I thought this book was “meh” at best. The two main characters, Adam Sharp and Angelina Brown, are incredibly self-centered. Twenty-two years ago, they fell in love in Melbourne, Australia, where Angelina was in an unhappy marriage and Adam, working on contract, was in the area. They mutually agreed that when it was time for him to return to Manchester, England, they would break it off.
Adam and Angelina seem to have fallen in love based on a shared love of the same music, about which the author writes at length. The problem with music is that it does not evoke the same reaction in all people; so much is dependent on when you hear it, or whom you are with, or what your life is about at that moment. Thus, for example, Adam going on and on about the Dylan song “Farewell Angelina” clearly would be relevant for him but does absolutely nothing for me. Analogously, eating a madeleine only makes me think of Proust the author, rather than the 4,215 pages of memories it inspired him to write about.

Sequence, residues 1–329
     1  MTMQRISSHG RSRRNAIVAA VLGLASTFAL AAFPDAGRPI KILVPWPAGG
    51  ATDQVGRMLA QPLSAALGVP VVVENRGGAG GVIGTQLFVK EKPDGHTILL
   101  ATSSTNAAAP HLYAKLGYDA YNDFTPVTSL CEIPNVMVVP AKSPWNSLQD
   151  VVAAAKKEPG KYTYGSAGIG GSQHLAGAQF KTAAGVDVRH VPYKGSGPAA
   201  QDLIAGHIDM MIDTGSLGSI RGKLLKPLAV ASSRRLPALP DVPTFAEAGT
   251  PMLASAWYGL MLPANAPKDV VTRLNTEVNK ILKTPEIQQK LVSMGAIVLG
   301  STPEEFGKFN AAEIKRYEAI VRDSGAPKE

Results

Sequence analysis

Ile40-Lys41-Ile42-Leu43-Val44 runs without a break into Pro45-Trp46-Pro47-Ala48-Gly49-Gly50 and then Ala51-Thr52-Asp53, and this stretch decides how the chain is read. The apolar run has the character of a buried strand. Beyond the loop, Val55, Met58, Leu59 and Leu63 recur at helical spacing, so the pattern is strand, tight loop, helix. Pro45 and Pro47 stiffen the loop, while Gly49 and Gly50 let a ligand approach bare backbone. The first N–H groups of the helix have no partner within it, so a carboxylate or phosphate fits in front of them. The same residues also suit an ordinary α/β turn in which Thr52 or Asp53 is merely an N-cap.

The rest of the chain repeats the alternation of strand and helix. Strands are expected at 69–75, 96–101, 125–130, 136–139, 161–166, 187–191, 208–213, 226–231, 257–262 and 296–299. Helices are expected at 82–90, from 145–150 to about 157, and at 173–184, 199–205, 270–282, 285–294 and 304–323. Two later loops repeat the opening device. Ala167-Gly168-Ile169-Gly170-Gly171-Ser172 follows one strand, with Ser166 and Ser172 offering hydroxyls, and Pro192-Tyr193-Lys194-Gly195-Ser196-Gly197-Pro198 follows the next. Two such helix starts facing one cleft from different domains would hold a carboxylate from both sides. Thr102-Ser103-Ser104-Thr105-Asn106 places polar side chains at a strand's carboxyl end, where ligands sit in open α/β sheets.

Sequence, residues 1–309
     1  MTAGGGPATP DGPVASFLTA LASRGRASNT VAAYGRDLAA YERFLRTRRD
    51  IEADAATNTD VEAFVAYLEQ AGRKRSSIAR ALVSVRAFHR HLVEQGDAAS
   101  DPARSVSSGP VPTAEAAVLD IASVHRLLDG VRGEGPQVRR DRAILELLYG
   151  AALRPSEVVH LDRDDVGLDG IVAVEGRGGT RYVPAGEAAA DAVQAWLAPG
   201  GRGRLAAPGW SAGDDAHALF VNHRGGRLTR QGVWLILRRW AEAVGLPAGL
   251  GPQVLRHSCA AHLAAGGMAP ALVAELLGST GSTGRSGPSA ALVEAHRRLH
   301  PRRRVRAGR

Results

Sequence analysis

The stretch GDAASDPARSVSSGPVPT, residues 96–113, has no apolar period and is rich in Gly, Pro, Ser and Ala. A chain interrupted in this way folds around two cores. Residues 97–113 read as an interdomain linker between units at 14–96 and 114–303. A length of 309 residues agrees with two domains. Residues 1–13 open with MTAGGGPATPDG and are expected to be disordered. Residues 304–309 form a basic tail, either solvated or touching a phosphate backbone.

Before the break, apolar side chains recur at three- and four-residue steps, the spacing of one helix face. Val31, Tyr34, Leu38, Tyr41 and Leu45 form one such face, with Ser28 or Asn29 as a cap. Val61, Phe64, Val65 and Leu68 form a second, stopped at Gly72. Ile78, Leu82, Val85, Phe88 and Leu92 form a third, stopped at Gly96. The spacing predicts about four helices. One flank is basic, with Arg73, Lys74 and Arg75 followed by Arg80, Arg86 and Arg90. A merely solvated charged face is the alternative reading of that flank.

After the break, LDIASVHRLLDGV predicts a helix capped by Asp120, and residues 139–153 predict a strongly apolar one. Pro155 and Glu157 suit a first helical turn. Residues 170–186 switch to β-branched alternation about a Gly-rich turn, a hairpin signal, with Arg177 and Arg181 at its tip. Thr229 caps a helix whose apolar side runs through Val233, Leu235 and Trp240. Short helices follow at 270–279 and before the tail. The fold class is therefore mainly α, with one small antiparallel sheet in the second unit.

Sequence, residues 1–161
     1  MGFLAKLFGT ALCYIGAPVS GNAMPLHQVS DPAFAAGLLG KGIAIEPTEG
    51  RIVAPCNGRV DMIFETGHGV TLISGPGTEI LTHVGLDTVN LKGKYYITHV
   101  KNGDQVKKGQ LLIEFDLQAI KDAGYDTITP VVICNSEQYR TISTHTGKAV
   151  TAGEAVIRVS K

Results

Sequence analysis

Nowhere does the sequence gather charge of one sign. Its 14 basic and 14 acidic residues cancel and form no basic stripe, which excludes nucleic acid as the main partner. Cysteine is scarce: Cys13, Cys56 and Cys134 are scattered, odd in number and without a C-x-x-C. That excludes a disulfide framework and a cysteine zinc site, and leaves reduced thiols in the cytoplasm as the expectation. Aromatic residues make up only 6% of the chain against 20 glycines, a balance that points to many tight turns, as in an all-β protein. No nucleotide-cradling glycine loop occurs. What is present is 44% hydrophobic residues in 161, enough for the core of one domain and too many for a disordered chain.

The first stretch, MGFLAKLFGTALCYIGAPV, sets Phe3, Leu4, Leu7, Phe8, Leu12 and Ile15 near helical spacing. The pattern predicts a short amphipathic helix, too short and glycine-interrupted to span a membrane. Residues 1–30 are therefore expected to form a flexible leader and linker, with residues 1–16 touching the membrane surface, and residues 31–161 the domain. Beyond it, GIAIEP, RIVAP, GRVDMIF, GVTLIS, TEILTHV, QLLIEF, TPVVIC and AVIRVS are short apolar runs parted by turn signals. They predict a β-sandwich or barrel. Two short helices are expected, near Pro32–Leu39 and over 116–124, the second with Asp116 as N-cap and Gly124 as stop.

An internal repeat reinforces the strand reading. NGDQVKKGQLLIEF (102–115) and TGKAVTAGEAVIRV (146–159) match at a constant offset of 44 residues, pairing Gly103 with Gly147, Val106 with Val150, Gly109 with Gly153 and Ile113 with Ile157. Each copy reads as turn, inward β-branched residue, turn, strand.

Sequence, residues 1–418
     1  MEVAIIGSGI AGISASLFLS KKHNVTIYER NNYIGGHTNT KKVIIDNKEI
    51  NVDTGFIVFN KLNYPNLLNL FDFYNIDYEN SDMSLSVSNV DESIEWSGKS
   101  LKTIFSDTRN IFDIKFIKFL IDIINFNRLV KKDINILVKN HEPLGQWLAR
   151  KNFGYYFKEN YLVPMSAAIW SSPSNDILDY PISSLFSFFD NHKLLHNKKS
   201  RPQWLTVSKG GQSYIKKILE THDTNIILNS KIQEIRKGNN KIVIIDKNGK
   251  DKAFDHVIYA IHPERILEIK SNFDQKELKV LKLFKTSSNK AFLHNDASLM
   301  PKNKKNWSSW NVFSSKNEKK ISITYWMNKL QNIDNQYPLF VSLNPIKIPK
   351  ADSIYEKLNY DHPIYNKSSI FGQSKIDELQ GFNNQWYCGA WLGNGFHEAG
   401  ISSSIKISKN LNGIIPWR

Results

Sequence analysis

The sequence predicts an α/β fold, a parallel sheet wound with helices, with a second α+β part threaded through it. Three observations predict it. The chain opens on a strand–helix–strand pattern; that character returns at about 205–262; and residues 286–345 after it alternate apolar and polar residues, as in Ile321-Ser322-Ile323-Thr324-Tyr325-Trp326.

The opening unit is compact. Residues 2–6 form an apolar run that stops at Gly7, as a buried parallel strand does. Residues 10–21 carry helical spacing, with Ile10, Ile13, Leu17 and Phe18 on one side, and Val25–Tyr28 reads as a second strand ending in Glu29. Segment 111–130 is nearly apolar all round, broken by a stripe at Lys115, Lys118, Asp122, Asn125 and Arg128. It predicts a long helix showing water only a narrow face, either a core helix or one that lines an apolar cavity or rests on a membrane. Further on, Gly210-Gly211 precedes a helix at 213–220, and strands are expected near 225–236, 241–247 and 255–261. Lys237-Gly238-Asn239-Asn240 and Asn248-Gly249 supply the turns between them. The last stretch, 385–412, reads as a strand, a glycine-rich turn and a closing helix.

When the story shifts to the later period in their lives, Adam is 48 and Angelina is 45. They haven’t changed much. Adam is still endlessly in the throes of introspection about Angelina and their relationship, and Angelina is (also) still all about Angelina.
Thus, I found much of the book boring and often alienating. The immature characters just didn’t interest me in the slightest. This may be because the author didn’t really choose to tell us much about them besides their musical tastes and their manipulative actions.
There are two side characters, who are (inexplicably, in my view) devoted to Adam and Angelina in spite of their flaws and in some instances abusive behaviors.
In the end, not much has really changed, at least on the interior of each of the characters, or rather, what interior there is.
Evaluation: Fans of Simsion’s “Rosie” books may be in for a letdown; I certainly was.
Published by St. Martin’s Press, 2017